Health and Safety

The Costs of Noncompliance: How to Develop an Effective Health and Safety Training Program  

April 16, 2024

Developing Effective Health and Safety Training Programs

Occupational health and safety legislation requires employers to do everything reasonable to protect workers, and many jurisdictions explicitly include training in this requirement. However, health and safety training programs can be expensive. It involves not just general training but also job-specific and site-specific sessions, regular updates, and refreshers. In too many cases, workers get a general overview when they join the organization, and then that’s it. That might meet the letter of the legislative requirement, but even so, would it meet the spirit? 

That’s where developing an effective health and safety training program comes in. It’s not just another box to tick but an essential part of every job. Ongoing training helps keep safety practices top of mind, preventing complacency and creating a culture of safety in an organization. What’s more, investing in comprehensive health and safety training programs mitigates the costs of noncompliance.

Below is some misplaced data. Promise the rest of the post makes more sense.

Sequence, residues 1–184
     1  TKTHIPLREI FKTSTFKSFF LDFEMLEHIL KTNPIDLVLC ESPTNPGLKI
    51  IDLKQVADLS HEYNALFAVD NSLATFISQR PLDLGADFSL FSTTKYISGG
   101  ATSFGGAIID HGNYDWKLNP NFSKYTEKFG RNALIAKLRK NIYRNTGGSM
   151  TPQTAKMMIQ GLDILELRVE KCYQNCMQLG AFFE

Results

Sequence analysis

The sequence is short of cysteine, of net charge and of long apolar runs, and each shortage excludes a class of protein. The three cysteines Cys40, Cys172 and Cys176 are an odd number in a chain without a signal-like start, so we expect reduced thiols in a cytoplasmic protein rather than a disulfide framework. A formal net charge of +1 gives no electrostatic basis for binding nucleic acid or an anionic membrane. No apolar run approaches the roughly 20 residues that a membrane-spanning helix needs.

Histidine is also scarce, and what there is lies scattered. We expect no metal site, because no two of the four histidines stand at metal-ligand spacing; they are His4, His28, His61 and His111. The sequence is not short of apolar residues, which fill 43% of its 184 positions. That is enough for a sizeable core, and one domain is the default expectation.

What are the hidden costs of noncompliance?  

Neglecting health and safety training has many hidden costs. When employees miss work because of health and safety concerns, whether it’s a protected leave due to an injury or missing shifts to avoid unaddressed workplace harassment, the entire organization suffers from their missing work. Even if you re-assign their duties to someone else, all you’ve done is shift which tasks go unperformed. If you hire additional workers or pay for overtime to make up for the missing employee, that costs money.  

Poor health and safety can lead to reputational damage, too. It’s hard to quantify, but it can have a serious effect on an employer. Big incidents might make national news, casting a shadow over an employer, but even small incidents hurt. Employees talk to friends, family, and their professional networks about their jobs. If an employer neglects health and safety training and workers feel unsafe, people will hear about it. An employer with a poor reputation—especially for health and safety—has to work harder (and spend more) to attract great talent. 

You’ve probably guessed by now that training goes way beyond just meeting compliance requirements, right? However, implementing and maintaining a health and safety training program can be daunting. Keep reading for some simple tips on how to develop an effective health and safety training program and cut down those hidden costs along the way.

Tips for developing effective health and safety training  

1. Gather data